The approach is key to success, and important questions remain at the start of any translational project. Some important general questions are as follows: Which organoid models best represent a disease? Do you need to add additional cell types to your model? How many are needed to be representative? Which screening platform and methodology is efficient and relevant? Which library is going to be used? What readouts are going to be considered?
The remaining challenges for organoid cultures are in regard to the standardization of culture conditions, the costs for substrates and growth factors and the difficulties in recapitulating the full (tumor) microenvironment. Organoid cultures are an important addition to the toolbox of cancer research and will hopefully contribute to increasing the translational potential of compounds identified preclinically.
We envisage a process where tumor organoids are able to be established in the future within a shorter timeline and with a higher efficiency by adapting available protocols. The standardization of assay procedures and the handling of materials would make the technology more available and more amenable for high-throughput drug screening. A move away from simple cell-viability measurements as assay readouts for drug screens, as well as the inclusion of multiplexed- or imaging-based readouts, will open the doors to identifying cell (-type)-specific effects of drugs, likely contributing to the development of drugs with fewer side effects and lower chances for developing resistance. Personalized models with human-derived or recombinant materials are more standardized and lead to focused clinical trials. More complex tumor-immune models should be used to explore pharmacological points of actions. Organoid models of disease may become even more important after the passing of the FDA modernization act 2.0 S.5002, which allows for the replacement of certain animal studies by using alternative models such as organoids. We expect that the passage of this act will cause a surge in the popularity of advanced cell-based models such as organoids, replacing certain animal models, which can also lead to an improved standardization of and certification of methodology.

Author Contributions

T.H.B., C.M.C. and C.K.H. designed and wrote the manuscript. All authors contributed to the interpretation and discussion of the manuscript. All authors have read and agreed to the published version of the manuscript.


This research received no external funding.


Figures were created with (accessed on 29 September 2022).

Conflicts of Interest

The authors declare no conflict of interest.


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Figure 1. Overview of co-cultures.
Figure 1. Overview of co-cultures.
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Figure 2. Advanced screening technologies.
Figure 2. Advanced screening technologies.
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Table 1. Drug response tests and screens with human tumor organoids. ULA, ultra-low-attachment surface; FDA, federal drug administration; BME, (Cultrex) basement membrane extract; TC, tissue-culture. Coloring per type: Gastrointestinal, Genitourinary, Other.
Table 1. Drug response tests and screens with human tumor organoids. ULA, ultra-low-attachment surface; FDA, federal drug administration; BME, (Cultrex) basement membrane extract; TC, tissue-culture. Coloring per type: Gastrointestinal, Genitourinary, Other.
Organoid TypeScreen SizePlate FormatMatrix/
Library TypeReadoutRef.
Colorectal cancer83 compounds on 19 organoid types in triplicate384BMEMixedCellTiterGlo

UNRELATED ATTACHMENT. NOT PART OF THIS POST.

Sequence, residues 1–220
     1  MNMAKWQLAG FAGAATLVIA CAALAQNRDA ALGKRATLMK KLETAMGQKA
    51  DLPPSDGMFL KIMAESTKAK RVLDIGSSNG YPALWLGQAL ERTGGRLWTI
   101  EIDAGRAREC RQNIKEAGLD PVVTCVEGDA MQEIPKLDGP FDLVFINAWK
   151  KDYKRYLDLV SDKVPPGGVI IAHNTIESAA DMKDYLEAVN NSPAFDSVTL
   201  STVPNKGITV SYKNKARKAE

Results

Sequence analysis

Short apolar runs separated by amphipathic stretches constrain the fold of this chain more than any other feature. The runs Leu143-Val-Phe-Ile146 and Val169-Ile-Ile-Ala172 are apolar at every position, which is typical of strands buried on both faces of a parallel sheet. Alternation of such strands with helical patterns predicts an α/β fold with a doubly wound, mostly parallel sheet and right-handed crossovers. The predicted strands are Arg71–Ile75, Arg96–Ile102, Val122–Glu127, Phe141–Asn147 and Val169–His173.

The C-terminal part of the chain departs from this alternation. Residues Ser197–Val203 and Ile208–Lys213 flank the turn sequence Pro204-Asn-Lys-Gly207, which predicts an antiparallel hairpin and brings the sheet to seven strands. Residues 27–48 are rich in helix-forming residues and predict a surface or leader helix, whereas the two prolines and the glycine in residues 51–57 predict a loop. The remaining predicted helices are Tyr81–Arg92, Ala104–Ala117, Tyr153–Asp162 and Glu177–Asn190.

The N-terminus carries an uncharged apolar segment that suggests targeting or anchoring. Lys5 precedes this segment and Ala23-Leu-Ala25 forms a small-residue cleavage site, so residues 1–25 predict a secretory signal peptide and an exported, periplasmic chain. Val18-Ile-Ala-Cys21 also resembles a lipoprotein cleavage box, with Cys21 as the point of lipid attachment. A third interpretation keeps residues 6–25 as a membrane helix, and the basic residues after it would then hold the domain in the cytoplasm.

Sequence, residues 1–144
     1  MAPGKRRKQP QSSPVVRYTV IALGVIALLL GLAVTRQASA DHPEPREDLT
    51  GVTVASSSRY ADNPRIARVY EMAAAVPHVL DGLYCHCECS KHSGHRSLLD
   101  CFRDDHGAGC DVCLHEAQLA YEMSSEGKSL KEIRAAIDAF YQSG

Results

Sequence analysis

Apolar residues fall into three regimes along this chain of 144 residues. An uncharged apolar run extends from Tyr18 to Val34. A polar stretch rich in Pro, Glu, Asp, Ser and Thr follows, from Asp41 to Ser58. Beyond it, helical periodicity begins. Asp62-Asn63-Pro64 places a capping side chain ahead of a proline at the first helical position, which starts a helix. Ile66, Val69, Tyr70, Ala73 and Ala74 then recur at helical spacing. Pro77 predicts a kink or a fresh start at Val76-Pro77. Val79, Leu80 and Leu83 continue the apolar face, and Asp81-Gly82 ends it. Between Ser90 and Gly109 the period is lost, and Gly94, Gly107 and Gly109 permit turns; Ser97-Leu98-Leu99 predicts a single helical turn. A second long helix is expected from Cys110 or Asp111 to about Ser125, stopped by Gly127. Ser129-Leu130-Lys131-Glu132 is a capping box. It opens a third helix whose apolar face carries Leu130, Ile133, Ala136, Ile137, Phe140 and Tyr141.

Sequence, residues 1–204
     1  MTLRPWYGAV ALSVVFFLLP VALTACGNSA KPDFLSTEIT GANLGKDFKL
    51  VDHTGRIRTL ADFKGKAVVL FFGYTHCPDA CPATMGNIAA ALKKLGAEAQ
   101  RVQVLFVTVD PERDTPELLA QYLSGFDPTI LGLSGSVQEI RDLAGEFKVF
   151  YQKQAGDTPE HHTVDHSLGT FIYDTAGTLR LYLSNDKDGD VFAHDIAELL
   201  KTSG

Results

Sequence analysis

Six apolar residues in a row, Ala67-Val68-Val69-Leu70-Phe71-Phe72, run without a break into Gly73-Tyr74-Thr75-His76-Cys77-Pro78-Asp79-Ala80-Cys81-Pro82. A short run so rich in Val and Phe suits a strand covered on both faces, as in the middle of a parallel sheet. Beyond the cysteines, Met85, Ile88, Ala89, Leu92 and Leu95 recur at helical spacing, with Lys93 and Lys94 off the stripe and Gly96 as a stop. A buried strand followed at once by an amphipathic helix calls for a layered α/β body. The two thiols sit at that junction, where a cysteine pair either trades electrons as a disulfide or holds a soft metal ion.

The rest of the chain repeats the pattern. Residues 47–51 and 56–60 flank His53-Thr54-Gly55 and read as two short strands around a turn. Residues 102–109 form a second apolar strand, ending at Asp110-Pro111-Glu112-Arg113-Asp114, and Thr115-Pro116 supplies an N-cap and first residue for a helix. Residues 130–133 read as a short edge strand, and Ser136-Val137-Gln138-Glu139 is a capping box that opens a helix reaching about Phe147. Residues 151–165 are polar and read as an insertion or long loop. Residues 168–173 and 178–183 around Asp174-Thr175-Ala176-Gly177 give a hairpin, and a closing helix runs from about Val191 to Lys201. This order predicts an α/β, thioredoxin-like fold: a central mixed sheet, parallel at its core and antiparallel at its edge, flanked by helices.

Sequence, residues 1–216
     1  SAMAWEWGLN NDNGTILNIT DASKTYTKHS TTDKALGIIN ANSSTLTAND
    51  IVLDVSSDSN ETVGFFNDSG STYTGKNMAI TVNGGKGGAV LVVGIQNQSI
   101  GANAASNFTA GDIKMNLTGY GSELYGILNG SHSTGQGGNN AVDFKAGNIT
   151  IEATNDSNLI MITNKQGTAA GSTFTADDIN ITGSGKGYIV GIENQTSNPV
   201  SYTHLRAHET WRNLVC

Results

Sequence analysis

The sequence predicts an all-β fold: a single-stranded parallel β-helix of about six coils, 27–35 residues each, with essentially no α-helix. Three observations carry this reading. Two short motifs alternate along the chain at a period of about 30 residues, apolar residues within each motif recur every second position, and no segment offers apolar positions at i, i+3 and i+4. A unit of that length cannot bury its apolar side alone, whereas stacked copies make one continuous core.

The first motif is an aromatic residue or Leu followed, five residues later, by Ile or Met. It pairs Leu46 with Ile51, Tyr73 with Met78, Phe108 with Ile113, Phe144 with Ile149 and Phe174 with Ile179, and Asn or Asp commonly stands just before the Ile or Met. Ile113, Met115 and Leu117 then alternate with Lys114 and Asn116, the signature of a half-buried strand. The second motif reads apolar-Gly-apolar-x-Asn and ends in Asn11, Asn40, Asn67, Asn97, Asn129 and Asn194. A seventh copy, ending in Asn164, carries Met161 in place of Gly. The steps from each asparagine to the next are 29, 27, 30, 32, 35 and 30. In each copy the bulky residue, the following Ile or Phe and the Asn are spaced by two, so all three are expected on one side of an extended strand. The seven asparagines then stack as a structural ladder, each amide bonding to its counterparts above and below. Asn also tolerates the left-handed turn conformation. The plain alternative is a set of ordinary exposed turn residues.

Colon cancer organoids-384Matrigel-CellTiterGlo
Colorectal cancer organoids>500384BMEBispecific antibodiesImaging-based[84]
Colorectal cancerMulti-dose tests of compounds alone or in combination, 11 patient-derived organoid types as single-point or multiple biological replications384BMETargeted inhibitors and combinationsCellTiterGlo 2.0
Colorectal cancer56 compounds, 20 cancer and 6 normal colonic organoid lines384MatrigelChemotherapeutics/TargetedImaging-based[86]
Colorectal and gastroesophageal cancers55 compounds, 19 organoid types, triplicate96MatrigelFDA-approvedCellTiterBlue (viability)[67]
Gastric cancer37 compounds, 9 organoid types (from 7 patients), 7 concentrations in triplicate with 2 biological replicates384MatrigelFDA-approvedCellTiterGlo 2.0
Liver cancer29 compounds in biological and technical duplicate, 6 organoid lines, 7 concentrations384BME2Mixed FDA-approved/targetedCellTiterGlo
Pancreatic cancer1172 compounds, 2 organoid types384MatrigelFDA-approvedCellTiterGlo 3D
Pancreatic cancer5 compounds, multi-dose in singlet or triplicate-MatrigelChemotherapeuticsCellTiterGlo
Ovarian cancer organoids23 compounds at 6 concentrations in technical triplicate48MatrigelFDA-approvedCellTiterGlo-3D
Bladder cancer50 compounds on 9 organoid lines, triplicate at 5–7 concentrations96ULAFDA-approved/kinase inhibitorsCellTiterGlo
Renal cell carcinoma5 compounds, 8 concentrations, biological triplicate, 4 organoid lines96TC-treated (2D)Tyrosine kinase inhibitorsCellTiter 96® AQueous One
Castration-resistant prostate cancer126 compounds at 6 doses, 4 organoids384TC-treated
Lung cancer3 compounds, 10 concentrations, triplicate96MatrigelFDA-approved drugsCellTiterGlo (viability)[92]
Malignant rhabdoid tumor organoids146 compounds at 6 concentrations in 6 organoid types384ULAMixedCellTiterGlo-3D
Breast cancer6 compounds in 28 organoid lines, 21 concentrations384BMETargeted inhibitorsCellTiterGlo 3D
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Booij, T.H.; Cattaneo, C.M.; Hirt, C.K. Tumor Organoids as a Research Tool: How to Exploit Them. Cells 2022, 11, 3440.

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Booij TH, Cattaneo CM, Hirt CK. Tumor Organoids as a Research Tool: How to Exploit Them. Cells. 2022; 11(21):3440.

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Booij, Tijmen H., Chiara M. Cattaneo, and Christian K. Hirt. 2022. "Tumor Organoids as a Research Tool: How to Exploit Them" Cells 11, no. 21: 3440.